(ORDO NEWS) — MIT’s mini cheetah robot has broken its personal speed record by reaching 14.04 km/h thanks to a new reinforcement learning system.
This robot can not only run, but also learn new skills just by standing still. All thanks to a new machine learning platform
The mini cheetah is not the fastest four-legged robot. In 2012, its larger brother reached a top speed of 45.5 km/h, but the mini cheetah, being developed by MIT and the National Science Foundation Institute for AI and Fundamental Interactions, is much more flexible and able to learn to move without even having to try and fail.
In the new video, the four-legged robot can be seen crashing into barriers and then learning to jump over them, rushing over obstacles, jumping on one leg and adapting to slippery, icy terrain as well as loose gravel hills.
This adaptability is achieved through a simple neural network that can evaluate new situations that could put its hardware under a lot of stress.
How the mini cheetah works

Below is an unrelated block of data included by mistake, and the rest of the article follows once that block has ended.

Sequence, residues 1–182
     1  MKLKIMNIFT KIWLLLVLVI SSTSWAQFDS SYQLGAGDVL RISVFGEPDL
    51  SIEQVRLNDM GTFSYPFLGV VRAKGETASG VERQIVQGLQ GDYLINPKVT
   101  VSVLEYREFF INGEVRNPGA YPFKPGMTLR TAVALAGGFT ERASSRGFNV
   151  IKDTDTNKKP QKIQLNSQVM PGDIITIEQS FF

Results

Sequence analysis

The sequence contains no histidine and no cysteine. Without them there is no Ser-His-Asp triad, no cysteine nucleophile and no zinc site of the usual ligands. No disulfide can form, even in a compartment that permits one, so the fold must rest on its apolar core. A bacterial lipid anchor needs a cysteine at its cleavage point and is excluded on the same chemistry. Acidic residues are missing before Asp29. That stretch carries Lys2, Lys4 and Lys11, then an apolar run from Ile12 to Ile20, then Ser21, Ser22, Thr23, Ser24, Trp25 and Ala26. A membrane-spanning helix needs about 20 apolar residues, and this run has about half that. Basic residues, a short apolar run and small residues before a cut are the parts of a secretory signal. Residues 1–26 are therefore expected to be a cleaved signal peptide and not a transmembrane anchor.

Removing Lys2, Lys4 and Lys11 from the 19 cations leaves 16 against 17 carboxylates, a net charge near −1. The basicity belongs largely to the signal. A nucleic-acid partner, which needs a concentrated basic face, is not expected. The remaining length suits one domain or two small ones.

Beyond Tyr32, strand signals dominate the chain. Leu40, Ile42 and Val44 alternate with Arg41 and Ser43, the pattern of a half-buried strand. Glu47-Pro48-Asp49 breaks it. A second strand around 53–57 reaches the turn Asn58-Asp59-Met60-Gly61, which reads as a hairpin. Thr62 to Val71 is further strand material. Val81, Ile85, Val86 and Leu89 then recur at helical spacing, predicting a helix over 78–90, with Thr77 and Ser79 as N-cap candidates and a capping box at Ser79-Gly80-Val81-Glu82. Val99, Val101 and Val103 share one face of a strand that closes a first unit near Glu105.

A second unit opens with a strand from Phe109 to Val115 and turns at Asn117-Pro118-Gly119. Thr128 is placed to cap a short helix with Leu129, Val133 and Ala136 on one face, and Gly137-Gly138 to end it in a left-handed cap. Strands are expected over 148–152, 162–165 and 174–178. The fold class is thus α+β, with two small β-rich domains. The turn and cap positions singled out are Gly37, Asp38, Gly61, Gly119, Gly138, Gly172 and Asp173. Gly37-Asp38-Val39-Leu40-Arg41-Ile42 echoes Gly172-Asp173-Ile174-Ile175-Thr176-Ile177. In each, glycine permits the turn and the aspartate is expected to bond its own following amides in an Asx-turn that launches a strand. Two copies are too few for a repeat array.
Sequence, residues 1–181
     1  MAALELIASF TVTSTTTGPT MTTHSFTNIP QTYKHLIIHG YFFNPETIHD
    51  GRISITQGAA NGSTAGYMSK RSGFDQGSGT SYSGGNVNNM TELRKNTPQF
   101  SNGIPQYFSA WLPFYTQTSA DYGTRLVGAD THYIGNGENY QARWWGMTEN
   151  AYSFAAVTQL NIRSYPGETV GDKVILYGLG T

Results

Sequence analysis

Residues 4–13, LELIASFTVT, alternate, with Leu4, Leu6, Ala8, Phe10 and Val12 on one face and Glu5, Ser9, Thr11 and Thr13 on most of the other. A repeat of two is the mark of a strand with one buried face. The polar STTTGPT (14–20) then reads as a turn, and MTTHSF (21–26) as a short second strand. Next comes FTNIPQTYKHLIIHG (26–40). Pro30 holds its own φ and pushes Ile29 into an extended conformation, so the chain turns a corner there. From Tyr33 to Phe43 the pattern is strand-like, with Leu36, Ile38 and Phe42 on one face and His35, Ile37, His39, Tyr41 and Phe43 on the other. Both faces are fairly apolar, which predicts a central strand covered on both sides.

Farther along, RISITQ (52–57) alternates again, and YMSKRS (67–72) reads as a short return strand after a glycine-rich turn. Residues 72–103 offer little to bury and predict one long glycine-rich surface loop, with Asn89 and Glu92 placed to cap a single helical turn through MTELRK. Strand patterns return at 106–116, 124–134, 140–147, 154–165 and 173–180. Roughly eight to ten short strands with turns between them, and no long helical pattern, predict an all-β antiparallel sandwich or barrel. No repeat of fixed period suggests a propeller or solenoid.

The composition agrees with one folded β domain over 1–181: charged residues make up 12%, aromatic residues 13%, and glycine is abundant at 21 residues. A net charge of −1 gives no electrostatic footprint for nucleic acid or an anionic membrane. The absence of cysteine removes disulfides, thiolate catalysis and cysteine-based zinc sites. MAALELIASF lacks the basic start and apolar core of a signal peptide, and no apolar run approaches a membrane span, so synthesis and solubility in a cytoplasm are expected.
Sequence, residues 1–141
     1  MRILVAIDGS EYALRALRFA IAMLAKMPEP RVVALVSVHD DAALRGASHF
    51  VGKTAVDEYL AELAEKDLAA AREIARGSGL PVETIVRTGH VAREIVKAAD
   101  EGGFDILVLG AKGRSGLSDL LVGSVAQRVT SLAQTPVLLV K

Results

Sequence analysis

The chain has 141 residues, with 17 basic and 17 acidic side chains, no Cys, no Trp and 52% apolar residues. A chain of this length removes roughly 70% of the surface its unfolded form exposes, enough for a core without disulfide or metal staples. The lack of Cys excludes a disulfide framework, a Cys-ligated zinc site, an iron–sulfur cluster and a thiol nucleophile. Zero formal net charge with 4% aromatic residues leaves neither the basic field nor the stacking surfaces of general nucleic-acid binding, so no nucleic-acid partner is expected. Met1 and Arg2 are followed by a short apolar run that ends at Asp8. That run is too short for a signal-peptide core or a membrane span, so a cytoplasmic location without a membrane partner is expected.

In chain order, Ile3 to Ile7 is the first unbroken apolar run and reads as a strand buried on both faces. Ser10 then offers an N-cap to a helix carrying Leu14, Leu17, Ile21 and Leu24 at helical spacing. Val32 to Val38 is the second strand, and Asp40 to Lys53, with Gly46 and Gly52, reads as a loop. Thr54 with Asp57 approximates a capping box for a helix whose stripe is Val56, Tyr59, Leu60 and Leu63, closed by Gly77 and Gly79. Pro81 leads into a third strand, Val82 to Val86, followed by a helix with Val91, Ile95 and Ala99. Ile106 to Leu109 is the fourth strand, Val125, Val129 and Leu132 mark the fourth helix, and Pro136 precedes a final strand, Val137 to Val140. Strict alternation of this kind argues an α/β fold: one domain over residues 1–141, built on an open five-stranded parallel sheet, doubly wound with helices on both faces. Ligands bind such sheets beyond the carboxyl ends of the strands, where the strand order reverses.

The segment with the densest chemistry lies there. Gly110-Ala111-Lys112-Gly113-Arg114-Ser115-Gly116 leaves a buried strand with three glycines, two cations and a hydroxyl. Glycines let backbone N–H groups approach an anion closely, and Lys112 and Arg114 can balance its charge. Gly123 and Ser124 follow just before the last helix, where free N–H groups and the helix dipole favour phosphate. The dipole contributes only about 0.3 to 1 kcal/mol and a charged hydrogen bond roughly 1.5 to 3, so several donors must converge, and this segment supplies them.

Typically, the movement of a robot is controlled by a system that uses data based on the analysis of the movement of mechanical limbs to create models that serve as guides. However, these models are often inefficient and inadequate because it is impossible to foresee all the circumstances that may arise in reality.
When the robot runs at its maximum speed, it runs at the limit of its hardware, which makes it very difficult to simulate, so it is difficult for the robot to quickly adapt to sudden changes in the environment.
To overcome this problem, instead of analytically designed robots like Spot Boston Dynamics that rely on motion physics analysis and manual hardware and software tuning, the MIT team developed a robot learning platform by doing it by doing it.
This robot learns by trial and error without human intervention. If the robot has sufficient experience in different terrains, it can automatically improve its behavior.
And that experience doesn’t even have to be in the real world. Using simulation, the mini cheetah can accumulate 100 days of experience in three hours by standing still, the team says.
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